FileMaker Pro 6 Is PC Magazine’s Editors’ Choice In Personal Databases

My spin: Great products, deserve, great press!
SANTA CLARA, CA — Dec. 18, 2002 — PC Magazine (Jan. 2003 issue), the leading independent guide to technology, has chosen the new FileMaker Pro 6 database software as its Editor’s Choice for Personal Databases.
The magazine’s editors selected FileMaker Pro 6 over Microsoft Access 2002 and five other database products.
“Ease-of-use, power and forward-looking features pushed the latest version of FileMaker above the competition,” writes PC Magazine. It also adds that “Beyond its best-in-class ease-of-use, FileMaker offers one-click Web publishing and can import and export XML data. And these aren’t the only way it can grow with you, it runs on both Windows PC and Macs.”
FileMaker Pro 6, available for a suggested list price of $299 ($149 upgrade) through resellers and at http://store.filemaker.com/, is a powerful database software application with easier-than-ever templates and tools, and a virtually limitless ability to gather, manage and share information and is widely used by workgroups within small, medium and large organizations.
Last week, FileMaker Pro 6 and FileMaker Pro 6 Unlimited were chosen as finalists by the Software & Information Industry Association (SIIA) for the prestigious Codie Awards for 2003 in the categories of Best Business Productivity Product or Service, and Best Numeric/Database Application, respectively.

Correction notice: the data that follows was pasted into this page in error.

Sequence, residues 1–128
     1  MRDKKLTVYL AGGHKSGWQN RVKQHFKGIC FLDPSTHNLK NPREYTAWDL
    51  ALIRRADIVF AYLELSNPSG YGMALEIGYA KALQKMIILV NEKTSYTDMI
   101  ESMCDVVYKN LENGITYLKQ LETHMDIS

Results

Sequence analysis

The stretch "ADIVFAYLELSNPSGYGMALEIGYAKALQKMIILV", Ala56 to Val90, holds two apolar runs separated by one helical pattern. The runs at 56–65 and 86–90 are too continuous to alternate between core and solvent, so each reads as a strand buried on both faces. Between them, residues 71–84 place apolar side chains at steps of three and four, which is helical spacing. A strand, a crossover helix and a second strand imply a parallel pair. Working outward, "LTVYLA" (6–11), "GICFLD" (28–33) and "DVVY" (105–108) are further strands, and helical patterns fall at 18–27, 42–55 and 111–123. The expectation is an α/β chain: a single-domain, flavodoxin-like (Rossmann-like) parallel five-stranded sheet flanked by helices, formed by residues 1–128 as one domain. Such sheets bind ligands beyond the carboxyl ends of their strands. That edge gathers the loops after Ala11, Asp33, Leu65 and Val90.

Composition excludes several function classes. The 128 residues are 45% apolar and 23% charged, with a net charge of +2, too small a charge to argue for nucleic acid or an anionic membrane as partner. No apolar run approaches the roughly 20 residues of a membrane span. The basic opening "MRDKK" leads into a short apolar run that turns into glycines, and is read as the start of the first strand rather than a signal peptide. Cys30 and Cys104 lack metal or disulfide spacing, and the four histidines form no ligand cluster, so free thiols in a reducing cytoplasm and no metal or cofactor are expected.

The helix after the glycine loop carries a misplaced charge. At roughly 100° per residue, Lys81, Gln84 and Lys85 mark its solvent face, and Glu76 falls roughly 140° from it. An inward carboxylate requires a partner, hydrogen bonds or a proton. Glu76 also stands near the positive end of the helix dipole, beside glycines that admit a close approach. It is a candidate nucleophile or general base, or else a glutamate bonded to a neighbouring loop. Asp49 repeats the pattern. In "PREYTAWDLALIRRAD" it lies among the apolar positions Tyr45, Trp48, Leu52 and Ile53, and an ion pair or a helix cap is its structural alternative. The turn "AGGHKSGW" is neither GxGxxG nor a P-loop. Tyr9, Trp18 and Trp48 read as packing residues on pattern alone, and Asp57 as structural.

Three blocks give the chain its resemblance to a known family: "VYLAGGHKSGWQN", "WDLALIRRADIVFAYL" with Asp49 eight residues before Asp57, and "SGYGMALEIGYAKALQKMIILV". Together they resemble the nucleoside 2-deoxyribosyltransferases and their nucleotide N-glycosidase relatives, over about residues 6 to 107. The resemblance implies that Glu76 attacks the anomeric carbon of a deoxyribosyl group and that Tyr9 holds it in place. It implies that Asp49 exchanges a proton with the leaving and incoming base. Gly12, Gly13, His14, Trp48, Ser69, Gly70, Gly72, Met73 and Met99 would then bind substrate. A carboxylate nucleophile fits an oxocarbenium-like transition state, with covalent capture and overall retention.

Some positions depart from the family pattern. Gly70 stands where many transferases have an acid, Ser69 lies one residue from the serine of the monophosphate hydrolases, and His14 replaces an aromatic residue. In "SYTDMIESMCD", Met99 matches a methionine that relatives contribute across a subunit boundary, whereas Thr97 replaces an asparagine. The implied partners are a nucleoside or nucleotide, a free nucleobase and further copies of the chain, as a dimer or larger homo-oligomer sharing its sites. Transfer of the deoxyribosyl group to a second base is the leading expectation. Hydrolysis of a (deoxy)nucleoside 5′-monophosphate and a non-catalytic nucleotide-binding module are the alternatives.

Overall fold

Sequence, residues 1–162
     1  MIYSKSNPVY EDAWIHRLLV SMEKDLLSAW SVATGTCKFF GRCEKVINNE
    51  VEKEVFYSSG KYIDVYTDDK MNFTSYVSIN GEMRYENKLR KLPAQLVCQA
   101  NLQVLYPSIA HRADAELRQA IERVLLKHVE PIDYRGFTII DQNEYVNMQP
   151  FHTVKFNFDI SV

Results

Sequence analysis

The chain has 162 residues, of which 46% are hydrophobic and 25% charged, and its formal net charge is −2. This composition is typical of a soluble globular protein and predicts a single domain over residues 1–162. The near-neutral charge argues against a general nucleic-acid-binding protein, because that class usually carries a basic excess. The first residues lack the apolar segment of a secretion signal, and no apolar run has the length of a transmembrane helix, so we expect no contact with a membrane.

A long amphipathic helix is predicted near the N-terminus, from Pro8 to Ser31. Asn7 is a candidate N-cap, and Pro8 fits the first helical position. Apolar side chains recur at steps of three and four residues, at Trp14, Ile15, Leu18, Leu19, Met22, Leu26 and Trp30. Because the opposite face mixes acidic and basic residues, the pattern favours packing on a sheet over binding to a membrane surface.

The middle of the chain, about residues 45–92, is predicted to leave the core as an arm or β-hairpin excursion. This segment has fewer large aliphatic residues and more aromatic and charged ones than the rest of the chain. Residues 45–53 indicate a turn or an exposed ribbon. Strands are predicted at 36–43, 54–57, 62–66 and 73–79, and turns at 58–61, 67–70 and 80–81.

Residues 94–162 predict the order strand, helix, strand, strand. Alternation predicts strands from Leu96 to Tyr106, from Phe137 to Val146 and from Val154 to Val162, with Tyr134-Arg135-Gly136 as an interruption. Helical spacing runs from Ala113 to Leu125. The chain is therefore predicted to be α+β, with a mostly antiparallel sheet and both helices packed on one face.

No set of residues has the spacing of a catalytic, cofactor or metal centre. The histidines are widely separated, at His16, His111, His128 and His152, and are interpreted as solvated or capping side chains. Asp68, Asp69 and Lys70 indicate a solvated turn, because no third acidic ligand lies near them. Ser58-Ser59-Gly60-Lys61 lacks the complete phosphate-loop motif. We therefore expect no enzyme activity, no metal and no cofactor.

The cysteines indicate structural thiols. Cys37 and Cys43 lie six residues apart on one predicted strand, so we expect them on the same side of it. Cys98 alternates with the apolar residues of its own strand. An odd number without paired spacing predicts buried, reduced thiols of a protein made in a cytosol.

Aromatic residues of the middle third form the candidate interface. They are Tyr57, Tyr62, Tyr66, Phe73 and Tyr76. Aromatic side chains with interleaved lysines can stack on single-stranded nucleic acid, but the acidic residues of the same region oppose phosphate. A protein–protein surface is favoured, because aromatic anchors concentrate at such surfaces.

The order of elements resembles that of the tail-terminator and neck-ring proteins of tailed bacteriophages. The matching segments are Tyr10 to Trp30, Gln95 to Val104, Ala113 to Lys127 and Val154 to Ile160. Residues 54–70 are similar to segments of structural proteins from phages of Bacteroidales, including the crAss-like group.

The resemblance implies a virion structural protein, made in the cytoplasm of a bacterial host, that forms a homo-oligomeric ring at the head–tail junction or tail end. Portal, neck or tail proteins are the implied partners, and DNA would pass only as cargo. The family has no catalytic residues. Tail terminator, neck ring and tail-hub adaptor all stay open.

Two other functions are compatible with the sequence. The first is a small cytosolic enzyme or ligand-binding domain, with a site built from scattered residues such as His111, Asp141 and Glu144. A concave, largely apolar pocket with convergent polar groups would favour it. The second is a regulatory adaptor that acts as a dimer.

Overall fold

More on FileMaker Pro 6 from PC Magazine
“FileMaker Pro pulls off an impressive sleight of software design: It’s a true relational database yet still approachable for nonprogrammers. With FileMaker Pro we were easily able to design both the structure and format of databases, as well as handily perform queries and reports.”
“FileMaker successfully masks much of the complexity that underlies common tasksÖWe were easily able to set up relationships between tables, create reports based on the relationships, and use the WYSIWYG layout tool to embed a “portal” that exposed fields from records in another table in an input form.”
“Querying a database is also easy…simply fill in fields in a form with the criteria you want to search for, and then you can incrementally revise queries to extend or constrain the original result set.”

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Ramon Ray, Editor & Technology Evangelist, Smallbiztechnology.com . Editor and Founder, Smart Hustle Magazine Full bio at http://www.ramonray.com . Check him out on Google Plus, Twitter or Facebook